Feeding established hives sugar water or high fructose corn syrup is almost never necessary—nor is feeding necessary when creating nucleus hives (nucs). In this article, I hope to convince you that feeding your bees is not only bad for the health of the bees and bad for honey production, but is bad for your bottom line! By learning about nectar flows, forage plants, and how the beekeeping season progresses in your area, you can increase your honey yields, your hive numbers, and the health of your bees.
Over the years, I’ve discovered that my bees know how to feed themselves and are healthier and more productive when I don’t interfere with their nutrition by feeding them “candy” or processed pollen paddies. When fed sugar water and corn syrup, the bees get lazy and do not forage for more nutritious fare. They use the artificial feed to make and store honey, thus greatly decreasing the quality, taste, and nutritional composition of the honey. The bees build up quickly when artificially fed, but then are addicted to feeding. When the beekeeper quits feeding them and the bees must forage on their own, the momentum and any jump on the season are lost.
Some beekeepers think taking away all of the honey and then feeding back sugar syrup is more economical because the profit from the honey outweighs the cost of the syrup. I believe feeding ends up costing the beekeeper more in the health of the bees and in overall honey production. A healthy, strong, well-fed hive produces far more honey, and the honey is of better quality and taste.
Currently, normal yields for my area are 40 to 50 pounds of honey per hive. Each established hive in my apiaries consists of 2 deep brood boxes and what I call 1 “eternal” shallow super. It’s always there. The nectar flow has finished here, and after pulling honey for the last time a couple of weeks ago, I left these shallow supers filled with mostly uncapped honey. With this honey and what’s in the deeps, the bees will make it through the dearth of summer until the fall bloom. By that time, these top supers will be mostly empty and the bees can refill them in the fall with the bloom from asters, goldenrod, and other fall flowers for their winter stores.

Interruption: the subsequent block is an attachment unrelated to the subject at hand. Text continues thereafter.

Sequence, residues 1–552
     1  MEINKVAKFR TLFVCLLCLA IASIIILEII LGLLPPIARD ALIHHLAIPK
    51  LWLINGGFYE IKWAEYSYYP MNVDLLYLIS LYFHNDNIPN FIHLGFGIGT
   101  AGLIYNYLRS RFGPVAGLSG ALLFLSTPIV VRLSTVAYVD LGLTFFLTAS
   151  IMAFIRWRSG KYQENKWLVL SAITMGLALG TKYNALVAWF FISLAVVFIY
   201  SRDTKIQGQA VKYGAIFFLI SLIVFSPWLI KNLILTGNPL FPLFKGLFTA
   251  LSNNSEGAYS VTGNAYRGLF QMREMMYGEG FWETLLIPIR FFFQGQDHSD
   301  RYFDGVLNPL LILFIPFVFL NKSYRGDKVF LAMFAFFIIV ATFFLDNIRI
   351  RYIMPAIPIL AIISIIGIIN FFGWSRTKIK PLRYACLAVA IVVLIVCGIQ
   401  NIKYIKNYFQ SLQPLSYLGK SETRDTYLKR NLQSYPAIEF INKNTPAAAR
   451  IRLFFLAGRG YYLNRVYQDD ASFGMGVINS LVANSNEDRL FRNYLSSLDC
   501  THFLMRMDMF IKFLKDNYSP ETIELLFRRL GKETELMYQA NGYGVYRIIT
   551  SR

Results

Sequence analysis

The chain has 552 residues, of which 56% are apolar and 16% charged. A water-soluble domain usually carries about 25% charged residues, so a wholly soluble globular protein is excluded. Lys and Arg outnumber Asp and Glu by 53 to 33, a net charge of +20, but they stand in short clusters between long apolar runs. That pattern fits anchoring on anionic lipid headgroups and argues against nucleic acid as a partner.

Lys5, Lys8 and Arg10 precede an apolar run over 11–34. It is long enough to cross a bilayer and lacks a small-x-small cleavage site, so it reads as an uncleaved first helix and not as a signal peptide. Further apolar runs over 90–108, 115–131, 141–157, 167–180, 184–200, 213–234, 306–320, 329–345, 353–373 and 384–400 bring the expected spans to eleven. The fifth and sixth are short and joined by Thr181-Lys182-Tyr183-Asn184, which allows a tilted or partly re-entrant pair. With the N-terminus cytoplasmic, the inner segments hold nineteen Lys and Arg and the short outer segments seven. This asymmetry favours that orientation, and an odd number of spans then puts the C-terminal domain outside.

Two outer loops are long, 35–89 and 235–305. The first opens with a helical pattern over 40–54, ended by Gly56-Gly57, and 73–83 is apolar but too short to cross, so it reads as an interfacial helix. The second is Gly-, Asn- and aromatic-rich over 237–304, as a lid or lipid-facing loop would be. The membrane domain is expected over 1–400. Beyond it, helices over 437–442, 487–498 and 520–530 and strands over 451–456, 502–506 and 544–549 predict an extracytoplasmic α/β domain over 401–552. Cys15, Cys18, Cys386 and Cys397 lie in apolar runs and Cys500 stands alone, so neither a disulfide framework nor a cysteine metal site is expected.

In addition to not feeding the hives, I took eleven 3-frame nucs from the strongest hives this spring during the nectar flow. So how did all this “hurt” my honey harvest? I averaged 73 pounds per hive! Yes, I could have squeezed out that last super of honey and increased my yields even more, but I would have paid for such folly in next years yields. In addition to my honey crop, the bees produced the new nuc hives.
Of the 11 nucs created this spring, 9 went on to make queens and are now thriving. The bees have mostly filled all the bottom deep hive bodies and, in most hives, are working to fill a second deep hive body (see photo below).
I started the first 6 nucs just as the nectar flow was beginning and fed each nuc a partial frame of comb honey (frozen from last year) and then did not feed them again. Five of 6 of these were successful. I made the last 5 nucs a few weeks later at the height of the nectar flow and did not feed them at all. They had only the honey and pollen that were stored in the 3 frames taken from the original hives. I NEVER fed these nucs. Four of 5 of these were successful.
When I checked on these hives yesterday, I could not tell which hives I had fed with comb honey and which hives I had not fed until I looked back at my notes. They have all built up well. I urge you to learn about the seasons in your area, learn when your nectar flows begin and end, learn what your bees forage on, and then adjust your timing for making nucs and for harvesting honey accordingly. You’ll be benefiting yourself and your bees.
Pictured here in the foreground is the first deep hive body with the second deep in the background. The bees have expanded from the original 3-frames into most of the bottom deep and are now expanding upwards into the 2nd deep. This hive was created on April 24, 2014 (picture taken July 5, 2014) and received no supplemental feeding.
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